DUBAI: Iranian President Hassan Rouhani on Sunday cautioned US President Donald Trump about pursuing hostile policies against Tehran, saying “America should know ... war with Iran is the mother of all wars,” but he did not rule out peace between the two countries, either.
Iran faces increased US pressure and looming sanctions after Trump’s decision to withdraw the United States from a 2015 international deal over Iran’s nuclear program.
Addressing a gathering of Iranian diplomats, Rouhani said: “Mr Trump, don’t play with the lion’s tail, this would only lead to regret,” the state-news agency IRNA reported.
“America should know that peace with Iran is the mother of all peace, and war with Iran is the mother of all wars,” Rouhani said, leaving open the possibility of peace between the two countries which have been at odds since the 1979 Islamic Revolution.
“You are not in a position to incite the Iranian nation against Iran’s security and interests,” Rouhani said, in an apparent reference to reported efforts by Washington to destabilize Iran’s Islamic government.
In Washington, US officials familiar with the matter told Reuters that the Trump administration has launched an offensive of speeches and online communications meant to foment unrest and help pressure Iran to end its nuclear program and its support of militant groups.

More than half a dozen current and former officials said the campaign, supported by Secretary of State Mike Pompeo and national security adviser John Bolton, is meant to work in concert with US President Donald Trump’s push to economically throttle Iran by re-imposing tough sanctions.

The drive has intensified since Trump withdrew on May 8 from a 2015 seven-nation deal to stop Iran from developing nuclear weapons.

The White House declined comment on the campaign. The State Department also declined to comment on the campaign specifically, including on Pompeo’s role.

A review of the State Department’s Farsi-language Twitter account and its ShareAmerica website — which describes itself as a platform to spark debate on democracy and other issues — shows a number of posts critical of Tehran over the last month.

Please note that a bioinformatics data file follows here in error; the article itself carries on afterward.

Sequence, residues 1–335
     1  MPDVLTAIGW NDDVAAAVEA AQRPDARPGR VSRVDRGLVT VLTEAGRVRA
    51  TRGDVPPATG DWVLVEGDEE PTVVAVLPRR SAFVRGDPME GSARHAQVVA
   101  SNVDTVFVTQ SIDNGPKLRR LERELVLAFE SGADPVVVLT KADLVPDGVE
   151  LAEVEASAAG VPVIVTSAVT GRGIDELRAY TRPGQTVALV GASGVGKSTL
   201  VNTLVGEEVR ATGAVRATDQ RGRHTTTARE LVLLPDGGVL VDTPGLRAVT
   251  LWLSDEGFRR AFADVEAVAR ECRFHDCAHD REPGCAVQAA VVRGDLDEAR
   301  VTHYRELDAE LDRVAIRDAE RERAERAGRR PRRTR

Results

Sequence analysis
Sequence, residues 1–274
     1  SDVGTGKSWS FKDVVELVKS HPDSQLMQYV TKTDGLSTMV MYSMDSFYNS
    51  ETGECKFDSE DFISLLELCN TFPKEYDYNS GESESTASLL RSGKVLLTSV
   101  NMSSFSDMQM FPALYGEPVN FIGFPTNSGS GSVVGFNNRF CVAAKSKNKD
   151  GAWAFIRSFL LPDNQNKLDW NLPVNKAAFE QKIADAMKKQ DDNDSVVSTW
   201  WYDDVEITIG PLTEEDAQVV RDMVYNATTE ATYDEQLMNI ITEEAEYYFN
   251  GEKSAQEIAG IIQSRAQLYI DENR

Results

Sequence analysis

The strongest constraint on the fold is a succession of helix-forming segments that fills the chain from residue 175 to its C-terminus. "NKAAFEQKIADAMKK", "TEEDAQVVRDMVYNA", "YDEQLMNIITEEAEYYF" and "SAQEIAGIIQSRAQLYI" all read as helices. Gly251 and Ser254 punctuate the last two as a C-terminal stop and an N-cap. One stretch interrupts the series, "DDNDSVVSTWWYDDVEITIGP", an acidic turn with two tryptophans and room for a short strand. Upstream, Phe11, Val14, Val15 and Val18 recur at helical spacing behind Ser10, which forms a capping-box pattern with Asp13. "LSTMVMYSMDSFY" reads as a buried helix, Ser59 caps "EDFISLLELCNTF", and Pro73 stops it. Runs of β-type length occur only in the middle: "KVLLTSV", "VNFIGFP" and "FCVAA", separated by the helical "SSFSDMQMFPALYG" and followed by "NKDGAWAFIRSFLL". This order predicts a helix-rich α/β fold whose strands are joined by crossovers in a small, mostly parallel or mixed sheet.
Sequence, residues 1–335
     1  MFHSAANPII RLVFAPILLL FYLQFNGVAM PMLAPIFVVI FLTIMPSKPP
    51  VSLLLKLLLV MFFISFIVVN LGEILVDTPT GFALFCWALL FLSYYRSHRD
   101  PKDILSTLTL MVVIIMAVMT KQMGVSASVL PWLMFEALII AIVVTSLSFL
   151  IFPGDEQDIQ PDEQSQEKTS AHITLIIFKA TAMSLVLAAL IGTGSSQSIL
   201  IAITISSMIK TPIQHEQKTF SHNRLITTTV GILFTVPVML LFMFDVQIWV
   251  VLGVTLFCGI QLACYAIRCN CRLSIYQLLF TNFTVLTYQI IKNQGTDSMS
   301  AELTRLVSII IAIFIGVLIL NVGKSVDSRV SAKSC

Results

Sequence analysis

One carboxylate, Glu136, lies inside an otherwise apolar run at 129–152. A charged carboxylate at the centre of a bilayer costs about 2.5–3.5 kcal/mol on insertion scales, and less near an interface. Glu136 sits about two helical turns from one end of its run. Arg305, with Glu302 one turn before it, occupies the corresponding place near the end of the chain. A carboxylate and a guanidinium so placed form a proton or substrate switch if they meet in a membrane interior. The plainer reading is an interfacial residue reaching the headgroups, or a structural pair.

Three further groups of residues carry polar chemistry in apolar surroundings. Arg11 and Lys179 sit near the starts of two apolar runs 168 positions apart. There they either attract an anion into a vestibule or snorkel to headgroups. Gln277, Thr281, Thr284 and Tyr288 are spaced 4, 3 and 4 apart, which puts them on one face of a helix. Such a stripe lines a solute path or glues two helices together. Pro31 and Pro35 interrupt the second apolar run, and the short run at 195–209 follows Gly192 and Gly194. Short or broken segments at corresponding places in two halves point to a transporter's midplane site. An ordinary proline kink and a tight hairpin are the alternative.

Iran is the subject of four of the top five items on the website’s “Countering Violent Extremism” section. They include headlines such as “This Iranian airline helps spread violence and terror.”

In social media posts and speeches, Pompeo himself also appeals directly to Iranians, the Iranian diaspora and a global audience.

On June 21, Pompeo tweeted out graphics headlined: “Protests in Iran are growing,” “Iranian people deserve respect for their human rights,” and “Iran’s revolutionary guard gets rich while Iranian families struggle.” The tweets were translated into Farsi and posted on the ShareAmerica website.

Rouhani scoffed at Trump’s threat to halt Iranian oil exports and said Iran has a dominant position in the Gulf and the Strait of Hormuz, a major oil shipping waterway.
“Anyone who understands the rudiments of politics doesn’t say ‘we will stop Iran’s oil exports’...we have been the guarantor of the regional waterway’s security throughout history,” Rouhani said, cited by the semi-official ISNA news agency.
Iran’s Supreme Leader Ayatollah Ali Khamenei on Saturday backed Rouhani’s suggestion that Iran may block Gulf oil exports if its own exports are halted.
Rouhani’s apparent threat earlier this month to disrupt oil shipments from neighboring countries came in reaction to efforts by Washington to force all countries to stop buying Iranian oil.
Iranian officials have in the past threatened to block the Strait of Hormuz in retaliation for any hostile US action. Separately, a top Iranian military commander warned that the Trump government might be preparing to invade Iran.
“The enemy’s behavior is unpredictable,” military chief of staff General Mohammad Baqeri said, the semi-official Tasnim news agency reported.
“Although the current American government does not seem to speak of a military threat, according to precise information it has been trying to persuade the US military to launch a military invasion (of Iran),” Baqeri said.
Iran’s oil exports could fall by as much as two-thirds by the end of the year because of new US sanctions, putting oil markets under huge strain amid supply outages elsewhere.
Washington initially planned to totally shut Iran out of global oil markets after Trump abandoned the deal that limited Iran’s nuclear ambitions, demanding all other countries to stop buying its crude by November.
But it has somewhat eased its stance since, saying that it may grant sanction waivers to some allies that are particularly reliant on Iranian supplies.